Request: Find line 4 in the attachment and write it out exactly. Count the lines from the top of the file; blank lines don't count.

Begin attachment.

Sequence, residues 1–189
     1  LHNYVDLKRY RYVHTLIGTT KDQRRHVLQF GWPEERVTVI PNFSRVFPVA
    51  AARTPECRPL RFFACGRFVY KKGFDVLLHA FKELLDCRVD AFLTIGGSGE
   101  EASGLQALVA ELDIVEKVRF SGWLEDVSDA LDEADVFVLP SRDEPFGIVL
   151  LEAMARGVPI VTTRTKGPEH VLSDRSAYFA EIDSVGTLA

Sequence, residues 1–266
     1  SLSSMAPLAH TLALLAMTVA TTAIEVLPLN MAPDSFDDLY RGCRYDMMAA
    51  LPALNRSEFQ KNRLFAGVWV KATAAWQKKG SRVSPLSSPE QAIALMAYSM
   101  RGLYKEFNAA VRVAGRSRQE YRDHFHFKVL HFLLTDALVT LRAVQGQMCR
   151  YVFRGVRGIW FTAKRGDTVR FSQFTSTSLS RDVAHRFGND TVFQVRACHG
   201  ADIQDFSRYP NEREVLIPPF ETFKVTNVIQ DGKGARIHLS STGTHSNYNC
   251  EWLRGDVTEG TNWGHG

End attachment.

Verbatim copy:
   101  EASGLQALVA ELDIVEKVRF SGWLEDVSDA LDEADVFVLP SRDEPFGIVL